Tesco (LON:TSCO) is the largest supermarket in the UK with over 2,000 stores here and around half a million staff worldwide.  It’s a monster.  It’s the dominant player in a recession-proof industry and has Warren Buffett on board as a major investor.  So if the Christmas results for a single year were a bit disappointing, investors would just shrug it off… right?


As is so often the case the short-term market players have the power, at least in the short term.  With so many retailers struggling and more falling by the wayside every day, even the slightest bit of bad news seems to have massive repercussions regardless of who they relate to.

So the question is:

Was Buffett wrong to invest in Tesco?

Let’s take a look at a long term price chart:

That’s not quite as miserable for long term shareholders as some other companies, but we are still back at prices seen previously in 2005, some 6 or 7 years ago.

Investors over the last few years may be a bit disappointed (except those that bought in the depths of the credit crunch), but what about now?  How does the investment case stack up from the point of view of an ‘average’ investor?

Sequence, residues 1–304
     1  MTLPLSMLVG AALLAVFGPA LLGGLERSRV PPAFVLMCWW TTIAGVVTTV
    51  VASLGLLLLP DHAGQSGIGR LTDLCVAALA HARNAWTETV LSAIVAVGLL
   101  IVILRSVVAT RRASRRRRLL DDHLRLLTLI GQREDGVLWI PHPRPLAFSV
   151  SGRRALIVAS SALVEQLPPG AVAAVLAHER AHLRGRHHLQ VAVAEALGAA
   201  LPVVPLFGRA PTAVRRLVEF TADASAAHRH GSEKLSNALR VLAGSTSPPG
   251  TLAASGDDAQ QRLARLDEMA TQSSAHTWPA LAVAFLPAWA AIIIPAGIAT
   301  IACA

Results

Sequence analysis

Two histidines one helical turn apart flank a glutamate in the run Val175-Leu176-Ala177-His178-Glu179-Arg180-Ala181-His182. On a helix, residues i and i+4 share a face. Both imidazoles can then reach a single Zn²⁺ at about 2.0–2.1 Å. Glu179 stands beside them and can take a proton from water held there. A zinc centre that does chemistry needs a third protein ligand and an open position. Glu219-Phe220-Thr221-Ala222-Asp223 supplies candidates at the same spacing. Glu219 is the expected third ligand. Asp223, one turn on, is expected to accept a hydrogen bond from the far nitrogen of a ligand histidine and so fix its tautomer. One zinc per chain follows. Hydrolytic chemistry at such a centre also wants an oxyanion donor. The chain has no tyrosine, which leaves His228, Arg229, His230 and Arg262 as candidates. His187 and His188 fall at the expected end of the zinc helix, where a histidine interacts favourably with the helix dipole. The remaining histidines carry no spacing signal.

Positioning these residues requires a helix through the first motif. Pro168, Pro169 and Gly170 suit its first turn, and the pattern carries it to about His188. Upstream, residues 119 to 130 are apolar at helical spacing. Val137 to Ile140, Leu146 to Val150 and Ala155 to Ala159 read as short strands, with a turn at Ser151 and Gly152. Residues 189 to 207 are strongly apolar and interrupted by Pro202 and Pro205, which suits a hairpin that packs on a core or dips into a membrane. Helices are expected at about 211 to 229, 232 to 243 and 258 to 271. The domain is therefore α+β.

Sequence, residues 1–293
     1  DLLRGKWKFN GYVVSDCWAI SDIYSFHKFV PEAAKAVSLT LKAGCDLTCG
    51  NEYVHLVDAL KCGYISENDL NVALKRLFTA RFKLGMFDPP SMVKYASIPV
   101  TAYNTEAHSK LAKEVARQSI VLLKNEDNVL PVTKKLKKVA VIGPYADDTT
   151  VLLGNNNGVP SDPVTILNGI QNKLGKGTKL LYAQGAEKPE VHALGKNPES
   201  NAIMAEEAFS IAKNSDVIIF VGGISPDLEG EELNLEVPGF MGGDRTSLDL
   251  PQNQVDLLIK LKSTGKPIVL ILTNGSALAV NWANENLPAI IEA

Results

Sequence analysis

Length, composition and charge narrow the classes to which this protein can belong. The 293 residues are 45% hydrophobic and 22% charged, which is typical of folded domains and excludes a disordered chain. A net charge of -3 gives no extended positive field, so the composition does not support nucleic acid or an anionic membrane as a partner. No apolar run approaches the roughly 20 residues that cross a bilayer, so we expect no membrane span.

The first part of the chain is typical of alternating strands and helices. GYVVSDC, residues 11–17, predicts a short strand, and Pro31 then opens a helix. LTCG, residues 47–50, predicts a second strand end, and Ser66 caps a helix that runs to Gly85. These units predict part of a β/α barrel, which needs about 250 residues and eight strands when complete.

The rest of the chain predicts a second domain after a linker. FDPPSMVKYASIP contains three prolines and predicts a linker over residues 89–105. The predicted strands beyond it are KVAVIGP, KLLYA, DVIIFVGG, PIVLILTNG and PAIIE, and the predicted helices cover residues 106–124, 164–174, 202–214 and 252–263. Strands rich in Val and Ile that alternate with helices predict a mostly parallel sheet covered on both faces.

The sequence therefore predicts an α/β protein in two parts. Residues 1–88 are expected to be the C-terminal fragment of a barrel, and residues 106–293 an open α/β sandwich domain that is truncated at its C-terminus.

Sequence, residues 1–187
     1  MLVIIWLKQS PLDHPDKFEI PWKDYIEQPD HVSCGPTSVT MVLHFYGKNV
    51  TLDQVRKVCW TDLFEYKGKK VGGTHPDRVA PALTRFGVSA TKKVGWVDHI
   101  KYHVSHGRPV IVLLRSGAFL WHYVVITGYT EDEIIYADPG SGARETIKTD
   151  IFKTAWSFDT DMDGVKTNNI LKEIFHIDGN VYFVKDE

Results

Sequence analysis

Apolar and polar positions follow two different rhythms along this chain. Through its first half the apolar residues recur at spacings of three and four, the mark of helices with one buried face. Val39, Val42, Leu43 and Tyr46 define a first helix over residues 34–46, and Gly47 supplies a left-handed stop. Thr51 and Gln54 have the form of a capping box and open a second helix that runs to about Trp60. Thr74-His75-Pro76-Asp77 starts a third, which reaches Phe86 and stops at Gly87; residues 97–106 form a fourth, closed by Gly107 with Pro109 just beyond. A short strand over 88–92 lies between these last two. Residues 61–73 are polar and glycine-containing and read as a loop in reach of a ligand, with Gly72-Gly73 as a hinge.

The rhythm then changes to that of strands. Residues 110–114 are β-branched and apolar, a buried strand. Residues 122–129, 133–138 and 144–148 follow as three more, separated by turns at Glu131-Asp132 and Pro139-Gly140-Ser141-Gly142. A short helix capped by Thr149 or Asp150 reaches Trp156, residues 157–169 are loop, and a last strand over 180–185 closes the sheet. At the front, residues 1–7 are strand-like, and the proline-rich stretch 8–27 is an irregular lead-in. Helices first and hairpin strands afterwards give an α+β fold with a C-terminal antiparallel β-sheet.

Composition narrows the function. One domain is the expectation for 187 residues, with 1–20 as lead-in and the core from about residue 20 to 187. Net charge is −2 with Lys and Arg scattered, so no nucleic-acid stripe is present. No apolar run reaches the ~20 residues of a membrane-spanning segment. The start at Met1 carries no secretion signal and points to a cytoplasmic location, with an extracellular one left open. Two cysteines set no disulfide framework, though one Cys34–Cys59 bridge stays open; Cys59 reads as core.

For this type of company I use a 6-step process for the initial review, which is an extension of the principles outlined by Ben Graham for what he called ‘defensive’ investors, who were typically people building or living off of a retirement fund.


Focus on defensive qualities first

Risk management is important for defensive investors, hence the name.  Ben Graham suggested three main steps to check that an investment has sufficient defensive qualities.

If you already recognise that Tesco is a pretty indestructible company, feel free to skip on ahead to the ‘pay a low price’ section below.


Step 1 – Look for diversity

This primarily relates to holding a sufficient number of companies in a wide range of unrelated industries, but it also applies to the individual companies themselves.

There are many ways that a company can be diverse and for Tesco it comes primarily from operating in many different locations, both within the UK and internationally.  If a particular store or geographic region performs badly because of local issues, the rest of the company…

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